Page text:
cold weather miscellany

Jane McGary
Tue, 08 Dec 2009 11:29:47 PST
Like Robin I appreciate all the supportive comments, many of them 
from people who live in parts of North America where it is routinely 
colder than the Pacific coast states. This morning a friend and I 
agreed that looking at the thermometer these days is about like 
looking at the scale when one has not been dieting enough: Don't tell 
me, I don't want to know. We're expecting one more day of severe 
cold, especially in areas away from the river gorges where the wind 
is dying down; I live in a river gorge (the Clackamas) so get quite a 
lot of continental wind when there is a big Pacific low, as now. Last 
night the TV weatherman showed how the California storm is going to 
move right across the center of North America, bringing awful 
conditions as far as the Midwest, because the jet stream has dipped 
so sharply to the south.

I should not have allowed my keyboard to engage directly from my 
emotions, without filtering the output through the brain: I'm not 
depressive! But anyone can be momentarily cast down by a combination 
of too much work, too much volunteering, east wind, frozen plants, 
icy roads, and a foreboding family eruption over elder care.

Frozen plants are not something to agonize over forever. One of our 
many gardening physicians once told me that if his rare plants die, 
he can always get another one, unlike the case when patients die. I 
usually am philosophical about losing plants to the weather, feeling 
that they weren't "meant to be here," like all the roses I dug up and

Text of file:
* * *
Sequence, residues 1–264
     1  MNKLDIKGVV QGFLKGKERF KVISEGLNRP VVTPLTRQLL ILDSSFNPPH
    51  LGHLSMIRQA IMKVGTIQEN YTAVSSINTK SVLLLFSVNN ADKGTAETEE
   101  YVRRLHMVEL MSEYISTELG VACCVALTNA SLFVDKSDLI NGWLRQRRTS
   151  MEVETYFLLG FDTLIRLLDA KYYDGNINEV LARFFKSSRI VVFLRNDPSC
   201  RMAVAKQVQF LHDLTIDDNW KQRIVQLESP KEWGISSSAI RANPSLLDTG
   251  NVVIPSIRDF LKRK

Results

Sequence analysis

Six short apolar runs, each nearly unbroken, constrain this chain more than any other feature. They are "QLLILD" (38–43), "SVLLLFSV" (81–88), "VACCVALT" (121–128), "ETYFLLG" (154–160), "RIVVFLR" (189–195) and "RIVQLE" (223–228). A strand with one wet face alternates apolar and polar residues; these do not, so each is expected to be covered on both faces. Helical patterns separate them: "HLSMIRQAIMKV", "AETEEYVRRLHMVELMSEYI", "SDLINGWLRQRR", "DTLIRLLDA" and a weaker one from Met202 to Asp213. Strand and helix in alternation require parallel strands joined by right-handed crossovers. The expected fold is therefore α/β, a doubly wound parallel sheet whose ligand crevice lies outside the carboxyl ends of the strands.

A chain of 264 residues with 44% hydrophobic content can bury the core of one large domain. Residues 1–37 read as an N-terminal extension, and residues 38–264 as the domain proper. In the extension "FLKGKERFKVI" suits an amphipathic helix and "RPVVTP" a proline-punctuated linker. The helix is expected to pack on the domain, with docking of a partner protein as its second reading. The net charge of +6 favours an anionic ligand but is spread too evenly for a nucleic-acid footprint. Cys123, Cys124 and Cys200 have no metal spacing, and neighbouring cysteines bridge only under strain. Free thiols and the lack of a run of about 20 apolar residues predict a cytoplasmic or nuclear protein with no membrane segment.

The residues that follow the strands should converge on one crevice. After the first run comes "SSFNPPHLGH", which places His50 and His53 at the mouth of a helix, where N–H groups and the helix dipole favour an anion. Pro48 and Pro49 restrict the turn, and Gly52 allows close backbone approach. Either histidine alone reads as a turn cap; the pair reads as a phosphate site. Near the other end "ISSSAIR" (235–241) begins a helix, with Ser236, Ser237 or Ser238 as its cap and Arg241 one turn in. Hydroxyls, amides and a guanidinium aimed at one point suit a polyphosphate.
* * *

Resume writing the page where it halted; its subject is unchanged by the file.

burned because they got black spot in our climate. I do feel awful, 
however, if I know I could have done more to prevent losses, and 
didn't for what may not have been a good reason (like spending a 
whole day driving around delivering the NARGS seeds for packaging). 
And when one does make an effort to share, it's very disappointing to 
have promised some plant (almost impossible to obtain in the USA) to 
someone and then have to tell them it has died out; for example, I 
promised Galanthus peshmenii to two US galanthophiles, and I'm not 
sure it will survive this cold snap, and John Grimshaw was very kind 
to send me a start of it some years ago. There is a whole set of 
bulbs and Ranunculaceae that are relatively inaccessible to American 
gardeners, primarily those that have ephemeral seed, and those of us 
who do somehow (!) acquire them must make every effort to propagate 
and distribute them. Then when we lose them, we may be able to get 
them back; and when we ourselves are gone, the plants will continue 
to please others.

Jane McGary
NORTHwestern Oregon, USA

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